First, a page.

Business Career
In 1966, Salomon Brothers, a big Wall Street investment bank, hired Bloomberg for a $9,000-per-year position. He was eventually given a promotion by Salomon Brothers to the equity desk. In 1972, Bloomberg joined Salomon Brothers as a general partner, where he oversaw stock trading and later systems development. When Phibro Corporation acquired Salomon Brothers in 1981, the new leadership dismissed Bloomberg and gave him a $10 million stock payment. Based on his belief that Wall Street would pay more for high-quality business information delivered instantly on computer terminals in a variety of usable formats, Bloomberg founded Innovative Market Systems (IMS) with the money he received from Phibro after designing internal computerised financial systems for Salomon. The business supplied Wall Street businesses specialised computer terminals that provided real-time market data, financial computations, and other analytics. In December 1982, the terminal—originally known as the Market Master terminal—was made available for purchase.

Lex Fenwick and subsequently Daniel L. Doctoroff succeeded Bloomberg as CEO after the latter served as deputy mayor under the former before leaving to pursue a political career as the mayor of New York City. After serving his final term as mayor of New York City, Bloomberg worked as a philanthropist full-time during his first eight months after leaving office. He revealed in the fall of 2014 that he will return to Bloomberg L.P. as CEO at the end of the year, following Doctoroff, who had been in charge of the business since February 2008. To run for president in 2019, Bloomberg resigned from his position as CEO of Bloomberg L.P.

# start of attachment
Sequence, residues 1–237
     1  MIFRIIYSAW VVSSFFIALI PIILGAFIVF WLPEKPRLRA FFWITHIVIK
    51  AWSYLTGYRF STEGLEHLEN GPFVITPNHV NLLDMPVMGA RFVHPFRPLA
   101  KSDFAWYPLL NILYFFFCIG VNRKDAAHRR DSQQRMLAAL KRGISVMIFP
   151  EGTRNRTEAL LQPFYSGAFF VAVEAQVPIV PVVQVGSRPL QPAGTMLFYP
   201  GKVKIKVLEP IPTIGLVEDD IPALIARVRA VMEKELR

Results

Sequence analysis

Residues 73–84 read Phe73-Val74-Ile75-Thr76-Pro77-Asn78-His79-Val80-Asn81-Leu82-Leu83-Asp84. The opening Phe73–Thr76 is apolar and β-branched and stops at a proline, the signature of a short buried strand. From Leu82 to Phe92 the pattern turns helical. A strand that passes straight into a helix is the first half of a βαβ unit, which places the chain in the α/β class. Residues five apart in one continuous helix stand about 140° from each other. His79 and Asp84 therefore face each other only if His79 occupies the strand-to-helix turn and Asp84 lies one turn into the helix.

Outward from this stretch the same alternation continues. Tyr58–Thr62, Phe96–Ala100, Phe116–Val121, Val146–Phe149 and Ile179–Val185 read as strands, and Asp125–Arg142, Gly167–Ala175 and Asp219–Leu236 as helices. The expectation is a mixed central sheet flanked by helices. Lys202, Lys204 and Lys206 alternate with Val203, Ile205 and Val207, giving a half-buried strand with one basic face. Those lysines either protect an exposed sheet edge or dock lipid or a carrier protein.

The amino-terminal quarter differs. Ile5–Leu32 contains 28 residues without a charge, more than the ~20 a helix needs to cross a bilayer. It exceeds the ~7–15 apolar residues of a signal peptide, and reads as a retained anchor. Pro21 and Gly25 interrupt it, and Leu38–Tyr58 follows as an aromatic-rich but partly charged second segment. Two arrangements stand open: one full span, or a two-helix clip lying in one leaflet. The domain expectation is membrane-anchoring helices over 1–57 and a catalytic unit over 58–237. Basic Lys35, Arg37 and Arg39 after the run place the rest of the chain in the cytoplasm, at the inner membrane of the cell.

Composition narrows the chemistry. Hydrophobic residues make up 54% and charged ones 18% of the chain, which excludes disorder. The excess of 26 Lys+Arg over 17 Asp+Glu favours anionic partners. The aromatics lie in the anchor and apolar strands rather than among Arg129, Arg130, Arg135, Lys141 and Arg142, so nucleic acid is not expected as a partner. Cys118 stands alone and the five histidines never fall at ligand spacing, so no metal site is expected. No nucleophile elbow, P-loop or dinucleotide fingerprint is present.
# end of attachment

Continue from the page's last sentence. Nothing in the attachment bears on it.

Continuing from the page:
Mayoral Elections
Bloomberg declared on September 13, 2013, that he would not support any of the potential successors. He said on his radio programme, "I don't want to do anything that makes it difficult for the future mayor. And for that reason, among others, I've chosen not to support anyone in the race. He said, "I want to make sure that person is ready to succeed, to take what we've done and build on that." For supporting Christine Quinn and Joe Lhota as their preferred candidates in the Democratic and Republican primaries, respectively, Bloomberg applauded The New York Times. Lhota won the Republican primary, and Quinn finished third in the Democratic primary. Bill de Blasio's campaign tactics were criticised by Bloomberg, who originally labelled them "racist" before subsequently downplaying and partially retracting his statements.

Bloomberg declared his decision to not run for president in 2020 on March 5, 2019. He urged the Democratic Party instead to "nominate a Democrat who will be in the strongest position to defeat Donald Trump." Bloomberg changed his mind, though, after becoming disenchanted with the Democratic field. On November 24, 2019, he formally began running for the Democratic nomination for president in 2020.

Bloomberg did not take any contributions for his campaign; instead, he self-funded it with his personal wealth.

Bloomberg attacked Trump's management of the COVID-19 outbreak and the American economy during his speech on the last night of the 2020 Democratic National Convention, asking, "Would you rehire or work for someone who led your firm into the ground? Who always acts in their own best interests, no matter the cost to the business, whose careless actions put you in risk, and who spends more time tweeting than working? Why in the world would we ever re-engage Donald Trump for another four years if the answer is no?